3. The premises of the firm were also searched at Ahmedabad by the officers of the customs department on 2nd February, 1978 and 3rd February, 1973. Nothing incriminating was found during the said two searches. Certain articles and account books of the firm were, however, attached under a seizure memo. Statements of other employees of the firm, namely, Kaluji Samnaji, Khemchand Ishwardas Patel, Satraji Godaji, Jyotaram Bhikhabhai Patel, Dinesh Nathalal Kodecha and others were recorded during the inquiry by the customs officers and they too revealed the aforesaid modus operand employed by the three detenus for the purpose of carrying gold from Bombay to Rajkot via Ahmedabad on different occasions. These have been set out in the grounds of detention in tabular form and it is not necessary to make a mention thereof in this judgment. Suffice it to say that during the inquiry conducted by the customs officers after the apprehension of the employee Kantilal Hargovandas Patel, the customs officers had reason to believe that the three brothers, the detenus herein, were engaged in transporting gold from Bombay to Rajkot via Ahmedabad. In the course of the inquiry the statement of Jadavji of Bombay, who is alleged to be the supplier of gold, was also recorded on 17th February, 1978. It may at this stage be mentioned that out of those employees whose statements were recorded during the course of investigation, four employees, namely, (1) Shannalal Girdharlal, (2) Kanubhai Thobhandas Patel, (3) Dinesh Nathalal, and (4) Jyotaram Bhikhabhai Patel have filed affidavits in support of the petitions to the effect that their statements were recorded after they were be laboured by the customs officers and under threats of dire consequences if they refused to make statements involving the three partners of the firm in the activity of transporting gold from Bombay to Rajkot via Ahmedabad.
4. It transpires from the affidavit in reply filed by the detaining authority Shri K. Sivaraj, Additional Chief Secretary to the Government of Gujarat in the Home Department, that the investigation regarding involvement of the three detenus was completed on 21st March, 1978 and thereafter the matter was placed before the Screening Committee on 3rd April, 1978 for the purpose of deciding whether or not action should be taken against the three partners of the firm under Section 3 of COFEPOSA. On the basis of the opinion expressed by the Screening Committee, the Collector of Customs forwarded the proposal for the detention of the three partners on 10th April, 1978. The material was examined by the detaining authority on 24th April, 1978, after further information was received by him on 19th April, 1978 on a back reference, and the decision to detain the three detenus was taken on 29th April, 1978. In pursuance of this decision, the impugned orders of detention were issued along with the grounds of detention on 6th May, 1978. It is alleged by the detaining authority that he had applied his mind to the facts and circumstances of the case and on the basis of the material placed before him he was satisfied that the three partners of the firm should be detained under Section 3(1) of COFEPOSA with a view to preventing them from engaging in transporting smuggled goods from Bombay to Rajkot via Ahmedabad. There is no dispute before us that the Additional Chief Secretary, who passed the impugned orders of detention of the three brothers was specially empowered by the State Government for the purpose of Section 3(1) of COFEPOSA by Home Department Order No. GG/8/SB.1V/P.S.A.-1075-7462 dated 24th January, 1977.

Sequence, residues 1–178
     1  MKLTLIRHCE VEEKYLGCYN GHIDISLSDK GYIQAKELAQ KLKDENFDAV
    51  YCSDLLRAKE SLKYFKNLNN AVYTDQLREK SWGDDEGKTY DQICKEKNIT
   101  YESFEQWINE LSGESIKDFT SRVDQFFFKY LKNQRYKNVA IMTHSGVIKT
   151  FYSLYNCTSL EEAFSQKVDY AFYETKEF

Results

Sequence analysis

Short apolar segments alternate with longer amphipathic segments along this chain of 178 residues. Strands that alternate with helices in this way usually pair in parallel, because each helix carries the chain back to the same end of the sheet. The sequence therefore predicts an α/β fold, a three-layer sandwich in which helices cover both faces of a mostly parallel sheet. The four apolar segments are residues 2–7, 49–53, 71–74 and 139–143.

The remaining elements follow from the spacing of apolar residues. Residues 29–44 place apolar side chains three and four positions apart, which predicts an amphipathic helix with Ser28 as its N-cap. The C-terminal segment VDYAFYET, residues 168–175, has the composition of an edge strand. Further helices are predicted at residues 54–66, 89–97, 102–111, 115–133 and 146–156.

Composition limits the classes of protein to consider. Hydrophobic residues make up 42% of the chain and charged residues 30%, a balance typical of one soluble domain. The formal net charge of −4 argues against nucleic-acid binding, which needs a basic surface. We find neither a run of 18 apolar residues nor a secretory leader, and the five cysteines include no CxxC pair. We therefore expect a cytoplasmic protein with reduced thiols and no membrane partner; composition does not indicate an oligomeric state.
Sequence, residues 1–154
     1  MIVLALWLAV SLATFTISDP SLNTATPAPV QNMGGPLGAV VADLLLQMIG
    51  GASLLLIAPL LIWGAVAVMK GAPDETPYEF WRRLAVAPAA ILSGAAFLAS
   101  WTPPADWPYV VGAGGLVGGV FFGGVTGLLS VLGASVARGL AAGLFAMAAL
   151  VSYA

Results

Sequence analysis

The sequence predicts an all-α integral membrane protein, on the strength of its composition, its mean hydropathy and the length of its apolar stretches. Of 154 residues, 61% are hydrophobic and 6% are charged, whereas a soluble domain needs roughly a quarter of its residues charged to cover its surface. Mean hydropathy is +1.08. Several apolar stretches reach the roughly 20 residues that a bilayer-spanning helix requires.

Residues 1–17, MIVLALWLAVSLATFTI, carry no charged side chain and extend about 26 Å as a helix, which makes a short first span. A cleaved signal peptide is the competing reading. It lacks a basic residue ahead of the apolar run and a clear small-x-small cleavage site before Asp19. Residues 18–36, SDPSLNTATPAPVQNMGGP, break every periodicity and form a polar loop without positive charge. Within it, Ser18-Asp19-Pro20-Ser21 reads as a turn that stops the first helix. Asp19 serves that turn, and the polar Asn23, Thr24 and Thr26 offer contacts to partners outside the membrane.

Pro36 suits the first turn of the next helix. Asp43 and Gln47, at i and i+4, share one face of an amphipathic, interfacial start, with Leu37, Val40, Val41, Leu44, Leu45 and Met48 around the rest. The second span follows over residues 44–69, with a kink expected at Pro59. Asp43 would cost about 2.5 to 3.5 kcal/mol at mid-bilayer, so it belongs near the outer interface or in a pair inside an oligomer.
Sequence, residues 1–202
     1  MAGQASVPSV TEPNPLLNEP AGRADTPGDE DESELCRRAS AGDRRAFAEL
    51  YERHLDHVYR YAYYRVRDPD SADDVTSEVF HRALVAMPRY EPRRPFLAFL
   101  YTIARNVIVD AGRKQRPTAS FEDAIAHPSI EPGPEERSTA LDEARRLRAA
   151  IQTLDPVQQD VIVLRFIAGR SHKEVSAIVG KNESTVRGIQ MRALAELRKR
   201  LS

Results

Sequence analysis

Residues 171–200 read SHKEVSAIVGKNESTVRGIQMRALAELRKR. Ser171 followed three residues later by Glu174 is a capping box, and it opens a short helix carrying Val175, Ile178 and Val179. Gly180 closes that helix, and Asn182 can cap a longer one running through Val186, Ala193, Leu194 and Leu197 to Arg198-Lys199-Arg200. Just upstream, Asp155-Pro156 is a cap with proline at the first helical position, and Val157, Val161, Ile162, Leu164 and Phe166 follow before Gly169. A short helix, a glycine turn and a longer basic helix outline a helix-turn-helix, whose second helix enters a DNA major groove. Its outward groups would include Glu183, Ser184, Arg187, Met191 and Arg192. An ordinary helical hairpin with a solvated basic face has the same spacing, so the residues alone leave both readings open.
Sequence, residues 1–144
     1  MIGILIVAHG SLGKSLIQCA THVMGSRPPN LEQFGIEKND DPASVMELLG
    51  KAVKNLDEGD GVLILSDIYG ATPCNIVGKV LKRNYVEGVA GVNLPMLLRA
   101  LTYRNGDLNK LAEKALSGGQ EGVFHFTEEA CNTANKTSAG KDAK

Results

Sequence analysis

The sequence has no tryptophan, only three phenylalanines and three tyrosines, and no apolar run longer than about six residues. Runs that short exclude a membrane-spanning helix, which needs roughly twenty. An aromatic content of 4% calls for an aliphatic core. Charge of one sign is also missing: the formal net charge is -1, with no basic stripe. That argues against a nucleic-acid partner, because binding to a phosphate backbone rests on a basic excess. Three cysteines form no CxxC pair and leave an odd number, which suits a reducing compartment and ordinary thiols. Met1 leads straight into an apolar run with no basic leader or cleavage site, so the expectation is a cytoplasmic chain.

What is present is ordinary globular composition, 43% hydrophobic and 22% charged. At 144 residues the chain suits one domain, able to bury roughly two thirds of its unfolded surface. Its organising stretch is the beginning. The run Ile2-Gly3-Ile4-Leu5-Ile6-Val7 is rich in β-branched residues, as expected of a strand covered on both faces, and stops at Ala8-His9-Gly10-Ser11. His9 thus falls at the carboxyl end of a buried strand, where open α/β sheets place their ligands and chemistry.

5. Mr. J.C. Bhatt, the learned Counsel for the detenus challenged the order of detention on two grounds, namely, (i) the principal offenders, namely, Jadavji of Bombay and Chandu Bhindi of Rajkot, though admittedly available, have not been detained on the same material and, therefore, the subjective satisfaction reached by the detaining authority for the exercise of powers under Section 3(1) of COFEPOSA in regard to their detention cannot be said to be genuine, for otherwise, it is difficult to conceive the basis on which no order regarding the detention of the principal culprits was passed; and (ii) there has been a delay at different stages in the passing of the detention order which clearly indicates that the respondents did not consider it necessary to take immediate action against the detenus with a view to preventing them from engaging in transporting smuggled goods. These were the only two submissions which were made before us by Mr. Bhatt on behalf of the detenus and we shall proceed to deal with them in the order in which we have set them out.